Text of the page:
Because strict adherence to the rule could produce harsh and inequitable results, exceptions have been recognized where the purposes of the exhaustion doctrine would not be served. Castaneda, 132 Ill. 2d at 308, 547 N.E.2d 437; Illinois Bell Telephone Co. v. Allphin, 60 Ill. 2d 350, 358, 326 N.E.2d 737 (1975); Cary v. Pollution Control Bd., 82 Ill. App. 3d 793, 799, 403 N.E.2d 83, 38 Ill. Dec. 68 (1980). The purpose of the exceptions is to recognize the time-honored rule that equitable relief will be available if the remedy at law is inadequate. Illinois Bell Telephone Co., 60 Ill. 2d at 358, 326 N.E.2d 737.
Exceptions to the exhaustion of remedies doctrine include where: (1) a statute, ordinance, or administrative rule or regulation is attacked on its face or in its terms; (2) the agency's jurisdiction is attacked because it is not authorized by statute; (3) irreparable harm will result from further pursuit of administrative remedies; (4) it would be patently useless to seek any relief before the administrative body; (5) the agency cannot provide an adequate remedy; (6) no issues of fact are presented or agency expertise is not involved; or (7) multiple administrative remedies exist and one has been exhausted. Castaneda, 132 Ill. 2d at 309, 547 N.E.2d 437; Cary, 82 Ill. App. 3d at 799, 403 N.E.2d 83.
Contrary to Midland Hotel's assertions, none of these exceptions apply in this case. Midland Hotel is not challenging the facial validity of the Act or IDES's authority to act, but instead is challenging IDES's interpretation and application of the Act's provisions. See County of Kane v. Carlson, 116 Ill. 2d 186, 507 N.E.2d 482, 107 Ill. Dec. 569 (1987); Newkirk v. Bigard, 109 Ill. 2d 28, 485 N.E.2d 321, 92 Ill. Dec. 510 (1985); Landfill, Inc. v. Pollution Control Board, 74 Ill. 2d 541, 387 N.E.2d 258, 25 Ill. Dec. 602 (1978); Rockford Memorial Hosp. v. Department of Human Rights, 272 Ill. App. 3d 751, 651 N.E.2d 649, 209 Ill. Dec. 471 (1995); Office of Lake County State's Attorney v. Illinois Human Rights Com'n, 200 Ill. App. 3d 151, 558 N.E.2d 668, 146 Ill. Dec. 705 (1990); Miller v. Illinois Department of Public Aid, 69 Ill. App. 3d 477, 387 N.E.2d 810, 25 Ill. Dec. 934 (1979).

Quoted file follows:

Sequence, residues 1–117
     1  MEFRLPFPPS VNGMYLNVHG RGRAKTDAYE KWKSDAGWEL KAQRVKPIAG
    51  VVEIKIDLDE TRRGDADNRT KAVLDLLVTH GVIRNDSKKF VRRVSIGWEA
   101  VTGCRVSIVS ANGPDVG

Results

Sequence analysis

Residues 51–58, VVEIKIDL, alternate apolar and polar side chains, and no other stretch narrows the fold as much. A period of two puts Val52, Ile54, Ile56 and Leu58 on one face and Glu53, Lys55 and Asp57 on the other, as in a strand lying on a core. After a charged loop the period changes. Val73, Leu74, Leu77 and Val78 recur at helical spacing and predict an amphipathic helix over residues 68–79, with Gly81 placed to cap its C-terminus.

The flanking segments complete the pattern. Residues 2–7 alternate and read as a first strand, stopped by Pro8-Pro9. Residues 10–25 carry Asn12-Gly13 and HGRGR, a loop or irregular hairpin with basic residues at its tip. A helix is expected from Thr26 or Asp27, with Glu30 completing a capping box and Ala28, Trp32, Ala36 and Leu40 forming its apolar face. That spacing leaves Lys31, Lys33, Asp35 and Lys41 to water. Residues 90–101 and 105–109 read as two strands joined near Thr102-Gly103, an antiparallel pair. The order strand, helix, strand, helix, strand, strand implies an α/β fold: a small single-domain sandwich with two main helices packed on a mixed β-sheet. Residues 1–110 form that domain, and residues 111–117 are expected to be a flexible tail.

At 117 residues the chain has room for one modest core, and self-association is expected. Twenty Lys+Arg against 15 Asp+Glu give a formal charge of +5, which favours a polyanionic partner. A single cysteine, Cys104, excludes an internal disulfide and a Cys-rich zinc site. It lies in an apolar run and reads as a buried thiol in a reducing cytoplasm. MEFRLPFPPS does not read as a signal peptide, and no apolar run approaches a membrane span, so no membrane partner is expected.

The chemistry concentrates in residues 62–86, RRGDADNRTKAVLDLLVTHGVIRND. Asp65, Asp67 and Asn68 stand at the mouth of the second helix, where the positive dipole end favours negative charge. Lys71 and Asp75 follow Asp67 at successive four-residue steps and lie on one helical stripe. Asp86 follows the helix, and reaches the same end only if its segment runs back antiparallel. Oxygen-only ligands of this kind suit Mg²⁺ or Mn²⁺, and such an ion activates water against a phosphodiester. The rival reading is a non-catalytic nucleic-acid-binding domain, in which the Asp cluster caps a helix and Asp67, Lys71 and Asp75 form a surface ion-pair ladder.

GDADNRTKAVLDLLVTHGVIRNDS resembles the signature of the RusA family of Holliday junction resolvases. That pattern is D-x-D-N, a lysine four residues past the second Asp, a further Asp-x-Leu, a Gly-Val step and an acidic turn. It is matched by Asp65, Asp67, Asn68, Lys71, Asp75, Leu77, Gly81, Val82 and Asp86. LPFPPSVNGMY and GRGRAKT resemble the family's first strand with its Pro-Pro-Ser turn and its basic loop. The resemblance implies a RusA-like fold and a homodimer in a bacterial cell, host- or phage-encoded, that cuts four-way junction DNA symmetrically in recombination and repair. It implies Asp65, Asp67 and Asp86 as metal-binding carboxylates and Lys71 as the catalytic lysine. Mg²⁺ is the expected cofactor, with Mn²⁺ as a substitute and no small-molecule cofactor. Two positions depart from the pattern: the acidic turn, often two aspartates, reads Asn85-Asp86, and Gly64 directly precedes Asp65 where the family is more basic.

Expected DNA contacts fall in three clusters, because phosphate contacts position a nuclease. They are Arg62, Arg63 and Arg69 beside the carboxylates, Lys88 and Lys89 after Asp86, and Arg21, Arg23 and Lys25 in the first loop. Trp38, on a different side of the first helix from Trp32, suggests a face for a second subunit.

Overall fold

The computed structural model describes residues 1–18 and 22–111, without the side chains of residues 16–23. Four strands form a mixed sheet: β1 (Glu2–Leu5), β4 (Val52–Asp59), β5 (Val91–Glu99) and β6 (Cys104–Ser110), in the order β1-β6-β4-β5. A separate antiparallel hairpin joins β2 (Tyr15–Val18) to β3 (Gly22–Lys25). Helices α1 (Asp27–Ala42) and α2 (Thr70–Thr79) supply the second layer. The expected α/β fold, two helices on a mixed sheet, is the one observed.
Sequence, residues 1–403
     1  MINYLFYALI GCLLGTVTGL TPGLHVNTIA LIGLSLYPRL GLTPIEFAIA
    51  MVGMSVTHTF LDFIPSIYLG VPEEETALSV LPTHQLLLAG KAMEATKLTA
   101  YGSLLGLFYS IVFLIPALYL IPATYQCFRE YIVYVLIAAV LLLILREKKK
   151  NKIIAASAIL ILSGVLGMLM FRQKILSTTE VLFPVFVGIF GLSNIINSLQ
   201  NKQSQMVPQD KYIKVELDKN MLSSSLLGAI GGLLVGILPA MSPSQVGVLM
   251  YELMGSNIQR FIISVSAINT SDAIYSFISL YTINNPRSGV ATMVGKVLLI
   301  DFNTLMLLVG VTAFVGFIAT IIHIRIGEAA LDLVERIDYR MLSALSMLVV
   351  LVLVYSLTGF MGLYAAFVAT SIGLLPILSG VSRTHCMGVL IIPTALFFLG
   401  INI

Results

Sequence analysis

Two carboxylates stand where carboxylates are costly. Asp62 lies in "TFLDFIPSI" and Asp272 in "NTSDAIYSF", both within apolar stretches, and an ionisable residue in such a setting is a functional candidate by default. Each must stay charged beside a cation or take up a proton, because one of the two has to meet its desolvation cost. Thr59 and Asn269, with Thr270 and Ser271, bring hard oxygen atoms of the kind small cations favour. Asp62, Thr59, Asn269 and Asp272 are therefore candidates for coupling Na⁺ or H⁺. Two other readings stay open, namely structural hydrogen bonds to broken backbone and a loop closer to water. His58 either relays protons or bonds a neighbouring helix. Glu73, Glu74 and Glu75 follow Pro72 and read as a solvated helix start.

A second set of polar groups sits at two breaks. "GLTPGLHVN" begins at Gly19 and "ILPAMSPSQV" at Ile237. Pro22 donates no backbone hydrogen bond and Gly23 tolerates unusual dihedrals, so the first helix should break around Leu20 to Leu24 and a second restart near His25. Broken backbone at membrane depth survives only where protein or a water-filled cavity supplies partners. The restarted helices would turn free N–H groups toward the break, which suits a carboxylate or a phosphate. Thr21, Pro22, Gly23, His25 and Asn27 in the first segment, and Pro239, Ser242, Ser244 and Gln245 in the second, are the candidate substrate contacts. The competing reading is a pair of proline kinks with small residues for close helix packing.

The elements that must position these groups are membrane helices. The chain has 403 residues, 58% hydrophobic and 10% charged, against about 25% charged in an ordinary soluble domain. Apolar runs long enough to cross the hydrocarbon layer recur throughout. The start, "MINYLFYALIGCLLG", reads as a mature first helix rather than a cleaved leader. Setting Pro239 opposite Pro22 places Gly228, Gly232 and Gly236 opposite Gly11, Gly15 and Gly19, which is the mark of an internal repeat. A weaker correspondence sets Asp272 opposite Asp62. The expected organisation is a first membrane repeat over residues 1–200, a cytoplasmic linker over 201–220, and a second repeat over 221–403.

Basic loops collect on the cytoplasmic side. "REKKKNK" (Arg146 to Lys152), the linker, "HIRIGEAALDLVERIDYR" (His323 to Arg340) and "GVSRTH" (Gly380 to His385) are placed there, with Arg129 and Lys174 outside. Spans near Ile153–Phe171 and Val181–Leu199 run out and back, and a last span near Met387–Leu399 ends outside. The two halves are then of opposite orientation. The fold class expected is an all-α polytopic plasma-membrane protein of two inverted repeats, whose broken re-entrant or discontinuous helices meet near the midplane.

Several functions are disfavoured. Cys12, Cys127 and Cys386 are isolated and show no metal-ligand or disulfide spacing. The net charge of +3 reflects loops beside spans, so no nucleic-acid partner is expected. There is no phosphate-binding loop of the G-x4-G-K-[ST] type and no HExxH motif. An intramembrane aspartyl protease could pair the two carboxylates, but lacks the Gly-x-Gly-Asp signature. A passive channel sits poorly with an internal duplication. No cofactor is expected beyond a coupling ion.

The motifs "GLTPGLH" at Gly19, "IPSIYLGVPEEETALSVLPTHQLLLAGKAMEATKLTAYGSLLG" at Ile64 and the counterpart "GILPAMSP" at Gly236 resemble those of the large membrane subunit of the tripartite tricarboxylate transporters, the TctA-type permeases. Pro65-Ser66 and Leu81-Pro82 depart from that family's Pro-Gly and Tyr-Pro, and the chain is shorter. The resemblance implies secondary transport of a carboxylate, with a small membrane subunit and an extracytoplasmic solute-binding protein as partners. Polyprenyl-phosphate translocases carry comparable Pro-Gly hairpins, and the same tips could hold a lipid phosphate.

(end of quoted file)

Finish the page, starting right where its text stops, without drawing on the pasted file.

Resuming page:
In addition, administrative review would not be futile. A party will not be required to exhaust his administrative remedies when it would be patently useless to seek relief before local bodies ( Northwestern University v. Evanston, 74 Ill. 2d 80, 88, 383 N.E.2d 964, 23 Ill. Dec. 93 (1978); Board of Trustees of Southern Illinois University v. Illinois Human Rights Com'n, 197 Ill. App. 3d 345, 347, 553 N.E.2d 1108, 143 Ill. Dec. 122 (1990)) or where an administrative agency is unable to provide an adequate remedy ( Saldana v. American Mut. Corp., 97 Ill. App. 3d 334, 339, 422 N.E.2d 860, 52 Ill. Dec. 651 (1981)).
Midland Hotel argues that any administrative remedy would be inadequate because IDES's own administrative rule forbids raising the issues involved in the class action. Midland Hotel insists that it is foreclosed from challenging IDES's ongoing illegal conduct if it cannot bring an action outside of an administrative review action. Without a class action lawsuit, Midland Hotel argues that IDES will be able to continue its ongoing illegal and invalid practices and apply judicial decisions like Northern Trust Co., 115 Ill. 2d 354, 504 N.E.2d 89, 105 Ill. Dec. 220, to merely that one employer. Midland Hotel further argues that IDES's administrative hearing cannot provide injunctive relief, accounting for illegal receipts, or refunds of illegal receipts.
Moreover, Midland Hotel complains that IDES has no administrative procedure to contest the Statement of Account with Debit Reports, collection actions prior to determination and assessment, refusals to issue credit reports, applications of payments to time-barred claims, or other IDES practices.
Midland Hotel also asserts that it would be impractical to bring administrative review actions for every quarter where the IDES acts illegally. Each administrative review would involve only one overcharge so that multiple lawsuits would have to be brought each time there was an alleged overcharge. Midland Hotel argues that multiple lawsuits are costly, inefficient, and may result in inconsistent holdings.